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Covid-19: In sickness, consider your car’s health
By Richard Bosselman
The longer the lockdown, the more likely your four-wheeled-bubblemate might need some consideration.
Two weeks down. Just two weeks to go?
Let’s not get too excited just yet. There’s no absolute certainty that the national Covid-19 lockdown will definitely lift on April 22. The Government has made it clear there’s still likelihood we might need to remain in our bubbles beyond that date.
Chin up, NZ. As unpalatable as this lockdown is, we all surely understand why it’s needed. It’s better to get this fully fixed in one action, right?
One way of coping with cabin fever is to give thought to how your vehicle is bearing up.
A short-term of enforced isolation is something any modern vehicle can see out without issue, but ultimately all that sitting around is no better for them than it will be for us.
Vehicles aren’t made to be inactive and, certainly, their core components don’t improve with sedentary age.
So maybe now’s a good a time as any to get into the habit on carrying out a few regular checks and precautions to make sure your vehicle is in good shape.
The ideas listed here aren’t by any means absolutely requisite and certainly aren’t new – any owner of a classic car, especially one that might only get seasonal use, will very likely be fully cognisant with at least the fundamentals.
Let’s start with thinking about the fuel it uses. It’s great not only that petrol stations are deemed essential services and that the price of fuel has dropped.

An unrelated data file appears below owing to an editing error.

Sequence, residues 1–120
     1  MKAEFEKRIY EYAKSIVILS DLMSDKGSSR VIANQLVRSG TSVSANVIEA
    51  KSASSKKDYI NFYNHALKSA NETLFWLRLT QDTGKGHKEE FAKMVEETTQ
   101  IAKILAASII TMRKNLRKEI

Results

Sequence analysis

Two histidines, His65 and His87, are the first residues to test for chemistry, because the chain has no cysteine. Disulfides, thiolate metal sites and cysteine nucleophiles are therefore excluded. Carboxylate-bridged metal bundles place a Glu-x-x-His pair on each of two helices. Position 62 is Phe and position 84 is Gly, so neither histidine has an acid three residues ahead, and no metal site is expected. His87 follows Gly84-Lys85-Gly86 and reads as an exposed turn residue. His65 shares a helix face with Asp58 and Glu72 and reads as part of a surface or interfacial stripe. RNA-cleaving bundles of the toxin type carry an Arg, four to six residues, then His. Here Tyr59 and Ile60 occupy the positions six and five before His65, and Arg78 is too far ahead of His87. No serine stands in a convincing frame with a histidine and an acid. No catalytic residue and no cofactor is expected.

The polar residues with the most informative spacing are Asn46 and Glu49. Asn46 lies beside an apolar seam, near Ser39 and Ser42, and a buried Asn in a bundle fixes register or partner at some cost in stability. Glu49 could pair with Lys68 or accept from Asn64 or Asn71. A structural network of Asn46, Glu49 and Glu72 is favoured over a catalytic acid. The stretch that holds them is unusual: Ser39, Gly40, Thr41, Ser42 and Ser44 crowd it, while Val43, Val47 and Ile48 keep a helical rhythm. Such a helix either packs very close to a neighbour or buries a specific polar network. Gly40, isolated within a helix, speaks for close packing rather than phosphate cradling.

You might wonder if that makes any difference, given no-one should be taking anything more than short trips, and only then for good reason, but in fact there’s good reason to take this as an opportunity to fill your car up, especially if it runs on petrol.
Here’s the thing about petrol. It doesn’t last all that well; exactly how long it maintains optimal state depends on all sorts of conditions, but ultimately it will degrade. There’s no need to panic: A few weeks in the tank is fine; potentially even three to six months.
But there will be a point where it starts to change its state. It’s a refined product from crude oil and the issue is volatility. What that means in this context is that it evaporates easily. If petrol is left in your tank for months, the volatile compounds will evaporate; what remains reacts with the oxygen in the air around it and oxidises, forming gums and varnishes and things that will clog filters, injectors, and fuel lines.
So, drain the tank? Actually, no. The opposite. Fill it up. The more fuel in there, the less oxygen. The less of that, the lower the potential for a problem.
Not just for your engine, but also fuel pumps, gaskets and lines. Some say that, once you have a full tank, it’s good to add some fuel stabiliser, which protects the fuel against evaporation and oxidisation for up to two years.
Diesel is a different story. It’s far friendlier, due to its comparatively low level of refinement. Opinion is that it’ll last for up to a year with no intervention. Again, though, it’s still prudent to fill up, as condensation can form inside half-empty fuel tanks. Diesel will oxidise, albeit more slowly than petrol.
Electric cars – and by that, we mean, anything that wholly relies on battery power (if it’s a hybrid or a PHEV, it still has an engine, so the guidelines above still prescribe) – are not exempt from consideration.
The good advice here is to keep your car fully charged. Second, leave it plugged in. Don’t worry. You won’t be constantly drawing charge. Onboard systems can manage the charge level and ensure the battery remains in top condition. One thing, when plugging in, only use the authorised cables. Extension cords are fire hazards at the best of times.